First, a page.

Tel Aviv Dance 2009: Rooster by Barak Marshall

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“I come from my mother, her aesthetic, her language, Inbal,” says choreographer Barak Marshall, whose new work “Rooster” will premiere next Thursday, November 12 at the Israeli Opera as the closing event of the Tel Aviv Dance Festival. A co-production of the Suzanne Dellal Centre and the Israeli Opera, “Rooster,” commissioned after Marshall’s success with  “Monger” in 2008, is a work for 12 dancers, featuring iconic dancer –performance artist Margalit Oved (formerly of Inbal Dance Company) and Israeli Opera singer Lilia Gretsova.

Dance, theatre and opera come together in “Rooster,” a work which, according to Marshall, relates artistically to Greek mythology, Beckett’s “Waiting for Godot,” the Bible, and the Y. L. Peretz short story “Bontsche the Silent.” According to Marshall, the story describes a man who was “Very kind and silent, no one noticed him in his lifetime and no one paid attention when he died.” Marshall views the story as a “warning about not asserting yourself,” saying, “trust your desires and act on them.” The Hebrew word for rooster is “Gever” which also means “man,” an association that has resonance for Marshall who describes the rooster as “ferocious yet also incredibly vulnerable.”

The literary influences in the work are powerfully balanced with Marshall’s intensely physical choreography, nurtured in a rich cultural context. Marshall states that he is thankful that he “was able to be raised with an appreciation for the richness and resources of my own Mizrahi culture,” adding that “I am getting my dancers to move ethnic.”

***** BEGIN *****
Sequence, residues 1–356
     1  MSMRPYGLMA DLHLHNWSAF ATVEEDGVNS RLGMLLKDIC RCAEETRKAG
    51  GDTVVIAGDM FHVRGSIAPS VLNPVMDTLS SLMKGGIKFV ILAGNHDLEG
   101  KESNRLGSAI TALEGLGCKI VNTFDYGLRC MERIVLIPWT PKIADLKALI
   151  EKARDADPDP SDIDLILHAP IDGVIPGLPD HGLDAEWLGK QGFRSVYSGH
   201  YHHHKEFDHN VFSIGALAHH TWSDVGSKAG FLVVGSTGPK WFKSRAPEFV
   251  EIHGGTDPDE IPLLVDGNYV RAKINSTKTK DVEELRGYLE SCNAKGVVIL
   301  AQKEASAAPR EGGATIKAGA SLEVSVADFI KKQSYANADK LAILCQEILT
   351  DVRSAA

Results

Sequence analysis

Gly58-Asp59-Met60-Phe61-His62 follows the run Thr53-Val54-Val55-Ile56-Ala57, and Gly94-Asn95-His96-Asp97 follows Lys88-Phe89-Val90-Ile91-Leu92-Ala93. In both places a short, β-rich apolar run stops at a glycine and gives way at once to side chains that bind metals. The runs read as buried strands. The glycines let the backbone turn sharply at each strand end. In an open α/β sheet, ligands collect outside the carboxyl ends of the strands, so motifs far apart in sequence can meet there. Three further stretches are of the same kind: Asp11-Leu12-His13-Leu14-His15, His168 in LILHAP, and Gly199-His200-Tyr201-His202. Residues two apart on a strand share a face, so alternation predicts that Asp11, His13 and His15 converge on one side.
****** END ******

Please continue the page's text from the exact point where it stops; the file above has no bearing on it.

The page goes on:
“Rooster” by Barak Marshall
Performances:
November 12 at 21:00, November 13 at 13:00
Israeli Opera House, 19 Shaul Hamelech Blvd.
Tickets: 03-6927777, www.israel-opera.co.il

Image credit: Scene from”Rooster”/Photo: Kfir Bolotin

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  1. […] myths and stories about the Middle East experience. According to Marshall in an interview with Ayelet Dekel, the literary influences in the work are powerfully balanced with his intensely physical […]

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